“We didn’t really know much … but maybe Korean people think Aussies were lazy. Not working hard but surfing all the time,” Amanda recalls.

When she arrived, she was surprised by the friendliness. “I was so shocked at how relaxed and friendly people were. I was not used to everyone saying hello to you on the street or being patient. Life moved slower here, and you didn’t have to compete with everybody all the time.

“In Korea you always had to fight for a place, it was so busy. If you want to catch a train, you have to push. At shops if you want to be served you have to be quick, put your hands up, start ordering before someone else. I think it’s different now. Since the [1988] Olympic Games a lot of Western culture has changed things,” she says.

After more than 33 years in Australia, “when I go back now, I feel like a time-traveller. It has changed so much I don’t really fit in anymore. Here everything suits me, and I root for Australia at the Olympics or in soccer over Korea.

Although my mum says she is well and truly Australian now, she admits she will never really stop being Korean as well. “I still think in Korean most of the time actually,” she says, seemingly more surprised than I am at this realisation.

Amanda has latched on to being an Aussie with both hands, emanating a confidence I envy. I still wonder why my “Aussie-adjacent” disconnect exists, what the boxes are that I seemingly still have yet to tick.

It turns out, I’m not the only one concerned with the finer workings of “Aussie identity”. British-born actor, Miriam Margolyes, became an Australian citizen in 2013 and lives in the Southern Highlands with her Australian partner. In 2019, she took a journey through the heart of the country while filming a three-part docu-series on what being Australian really means.

She explored all the quintessential Aussie stereotypes, such as mateship, the Australian dream and how “lucky” we indeed are as a country — and put them all to the sword, questioning their validity and crucially, their inclusivity. Of the numerous people interviewed in the show, two stood out for me. The first was Afghan asylum-seeker Muj, whose parents were killed during the war and travelled to Australia by boat as a child. “I’m happy, I’m relaxed. I’m happy what I got, I’m proud who I became (sic),” he said, smiling through tears streaming down his face. “I’m safe here, I’m not going to die tonight.” When Margolyes asked how Australian he felt, his response was: “I’ve been living here 10 years, I can tell I’m Aussie because I barrack for Collingwood, my football club. I play AFL, that proves you’re Aussie”.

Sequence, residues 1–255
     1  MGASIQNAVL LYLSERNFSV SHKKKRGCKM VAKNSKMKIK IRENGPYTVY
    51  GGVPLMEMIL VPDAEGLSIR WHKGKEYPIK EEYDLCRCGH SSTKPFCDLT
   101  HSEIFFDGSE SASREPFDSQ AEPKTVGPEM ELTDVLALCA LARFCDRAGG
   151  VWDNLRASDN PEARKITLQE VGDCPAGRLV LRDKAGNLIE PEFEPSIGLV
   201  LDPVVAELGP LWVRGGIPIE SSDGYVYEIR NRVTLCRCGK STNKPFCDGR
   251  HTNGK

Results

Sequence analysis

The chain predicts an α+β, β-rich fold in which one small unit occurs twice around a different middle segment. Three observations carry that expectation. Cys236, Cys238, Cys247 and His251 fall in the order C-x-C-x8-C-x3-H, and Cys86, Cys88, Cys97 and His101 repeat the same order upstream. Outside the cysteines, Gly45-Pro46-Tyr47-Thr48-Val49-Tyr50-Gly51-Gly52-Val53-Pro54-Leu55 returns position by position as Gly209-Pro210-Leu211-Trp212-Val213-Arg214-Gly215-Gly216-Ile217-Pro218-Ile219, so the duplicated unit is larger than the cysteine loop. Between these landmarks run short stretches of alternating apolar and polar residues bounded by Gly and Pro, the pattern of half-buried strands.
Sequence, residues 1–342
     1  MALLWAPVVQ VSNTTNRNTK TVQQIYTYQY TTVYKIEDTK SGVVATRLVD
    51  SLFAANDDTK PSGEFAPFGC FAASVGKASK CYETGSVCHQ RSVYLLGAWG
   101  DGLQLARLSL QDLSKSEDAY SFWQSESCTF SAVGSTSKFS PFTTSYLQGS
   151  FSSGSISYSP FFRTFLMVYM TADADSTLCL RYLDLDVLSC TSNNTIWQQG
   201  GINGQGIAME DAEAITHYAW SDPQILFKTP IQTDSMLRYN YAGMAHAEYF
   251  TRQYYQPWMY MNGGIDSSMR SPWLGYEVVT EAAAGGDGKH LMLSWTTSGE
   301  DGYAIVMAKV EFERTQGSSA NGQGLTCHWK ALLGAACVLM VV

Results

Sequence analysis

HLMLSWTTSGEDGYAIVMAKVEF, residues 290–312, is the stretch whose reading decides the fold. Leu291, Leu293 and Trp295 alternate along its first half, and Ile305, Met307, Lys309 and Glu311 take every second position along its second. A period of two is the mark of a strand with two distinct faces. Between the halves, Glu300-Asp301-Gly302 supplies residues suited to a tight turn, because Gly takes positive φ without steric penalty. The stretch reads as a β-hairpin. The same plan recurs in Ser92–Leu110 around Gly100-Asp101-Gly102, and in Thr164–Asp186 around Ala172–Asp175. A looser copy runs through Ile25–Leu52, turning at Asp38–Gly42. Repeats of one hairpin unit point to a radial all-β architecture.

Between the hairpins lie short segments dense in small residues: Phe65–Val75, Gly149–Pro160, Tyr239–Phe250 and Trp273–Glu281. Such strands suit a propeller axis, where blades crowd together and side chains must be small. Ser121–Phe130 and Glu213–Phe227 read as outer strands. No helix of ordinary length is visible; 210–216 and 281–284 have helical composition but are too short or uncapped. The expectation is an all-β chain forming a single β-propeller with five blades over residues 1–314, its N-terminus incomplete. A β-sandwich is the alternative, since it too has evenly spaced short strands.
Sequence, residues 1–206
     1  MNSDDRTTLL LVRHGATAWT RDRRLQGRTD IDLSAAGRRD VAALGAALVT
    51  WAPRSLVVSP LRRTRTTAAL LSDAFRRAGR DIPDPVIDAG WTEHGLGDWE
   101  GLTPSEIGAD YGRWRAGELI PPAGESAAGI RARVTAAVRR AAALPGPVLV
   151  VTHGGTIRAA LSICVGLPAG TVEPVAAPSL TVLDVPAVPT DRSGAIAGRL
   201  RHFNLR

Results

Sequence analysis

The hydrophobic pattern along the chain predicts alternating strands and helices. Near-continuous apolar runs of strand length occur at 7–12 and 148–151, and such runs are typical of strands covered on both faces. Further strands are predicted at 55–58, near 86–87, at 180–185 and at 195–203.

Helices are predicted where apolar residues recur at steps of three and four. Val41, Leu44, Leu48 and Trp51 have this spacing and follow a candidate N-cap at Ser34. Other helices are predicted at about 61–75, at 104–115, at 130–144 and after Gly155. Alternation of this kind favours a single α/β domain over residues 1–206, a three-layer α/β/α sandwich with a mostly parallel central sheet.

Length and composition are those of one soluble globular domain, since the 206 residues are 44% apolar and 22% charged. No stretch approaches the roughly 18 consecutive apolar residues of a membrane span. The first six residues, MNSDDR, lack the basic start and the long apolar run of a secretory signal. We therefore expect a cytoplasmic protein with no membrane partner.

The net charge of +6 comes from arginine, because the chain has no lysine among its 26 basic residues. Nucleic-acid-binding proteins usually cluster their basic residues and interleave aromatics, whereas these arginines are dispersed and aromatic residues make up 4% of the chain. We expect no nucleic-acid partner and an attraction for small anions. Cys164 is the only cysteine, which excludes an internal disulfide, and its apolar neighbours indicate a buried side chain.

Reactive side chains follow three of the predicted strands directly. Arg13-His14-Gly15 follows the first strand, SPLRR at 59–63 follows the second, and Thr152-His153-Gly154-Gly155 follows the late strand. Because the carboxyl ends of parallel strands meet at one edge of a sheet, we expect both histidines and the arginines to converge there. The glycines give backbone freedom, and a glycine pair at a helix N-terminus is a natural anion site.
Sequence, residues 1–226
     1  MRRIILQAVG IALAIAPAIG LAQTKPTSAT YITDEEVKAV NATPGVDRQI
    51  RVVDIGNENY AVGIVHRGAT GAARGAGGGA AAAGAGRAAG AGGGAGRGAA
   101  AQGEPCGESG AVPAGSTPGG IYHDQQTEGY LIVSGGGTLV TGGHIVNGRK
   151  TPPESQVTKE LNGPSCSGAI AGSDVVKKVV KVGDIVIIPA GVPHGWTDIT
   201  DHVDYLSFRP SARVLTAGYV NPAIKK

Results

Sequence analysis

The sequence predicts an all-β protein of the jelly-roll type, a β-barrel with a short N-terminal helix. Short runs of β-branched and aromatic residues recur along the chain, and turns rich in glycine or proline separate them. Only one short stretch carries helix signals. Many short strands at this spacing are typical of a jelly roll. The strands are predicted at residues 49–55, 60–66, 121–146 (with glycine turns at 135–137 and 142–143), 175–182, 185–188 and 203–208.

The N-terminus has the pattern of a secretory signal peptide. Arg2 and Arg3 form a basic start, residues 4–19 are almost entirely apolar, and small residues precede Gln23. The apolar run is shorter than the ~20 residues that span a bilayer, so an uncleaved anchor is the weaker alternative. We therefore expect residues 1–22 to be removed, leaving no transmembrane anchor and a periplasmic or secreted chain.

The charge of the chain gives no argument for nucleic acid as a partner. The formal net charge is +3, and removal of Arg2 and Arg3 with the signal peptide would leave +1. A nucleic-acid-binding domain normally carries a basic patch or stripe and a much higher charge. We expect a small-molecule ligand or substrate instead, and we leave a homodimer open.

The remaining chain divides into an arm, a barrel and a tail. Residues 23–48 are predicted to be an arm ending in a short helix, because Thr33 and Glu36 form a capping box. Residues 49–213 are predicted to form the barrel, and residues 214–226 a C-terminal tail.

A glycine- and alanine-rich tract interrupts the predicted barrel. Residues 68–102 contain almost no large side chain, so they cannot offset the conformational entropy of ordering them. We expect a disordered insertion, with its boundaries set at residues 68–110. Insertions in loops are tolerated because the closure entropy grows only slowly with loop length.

The second was Lidia Thorpe. She became Victoria’s first First Nations woman to be elected to the Australian Senate. She made it clear that Australia Day, for her, is Invasion Day. “When we see people having BBQs and parties on a day that represents theft and murder for us, we say it’s like dancing on our graves” she said. “The land is us; we don’t separate ourselves from the land, the water, the trees.”

My guilty realisation

My angst over being Aussie adjacent, over whether I am Aussie enough really begins to pale by comparison. No, citizenship and national identity are not the same thing but I am privileged with one and certainly take advantage of the other when convenient.

For my mum, Amanda, Australia Day is “a great day, an opportunity to be proud of this country and celebrate how lucky we are to be here … Maybe some people don’t feel so strongly but for me it’s a reminder of my new life and the country that I am now a part of.

“I think that there is something important here, we need to protect it and leave it for the next generation. That’s the most important thing,” Amanda says.

On the fracture between national identity and citizenship, Austin and Fozdar concluded “civic values can be held without feeling attached to the nation, which opens the door for other, more global or local, attachments”.

I realise I can still connect with cultures and embrace them as my own without the need to reject my origins. In fact, I shouldn’t. There is a guilty realisation that by burying my connection to Australia, with it, I bury the burden of responsibility that comes from 250 years of brutal colonial history. By dismissing Australia Day as just a holiday, I diminish its significance. It is symbolic, whether cast in a positive or negative light.

Mum puts the kettle on for a cup of tea before settling in to yell at the telly for the next hour and a half. “Are you coming to watch the game?” she asks. She absolutely loves watching the footy, and her team, the Panthers, are about to kick off.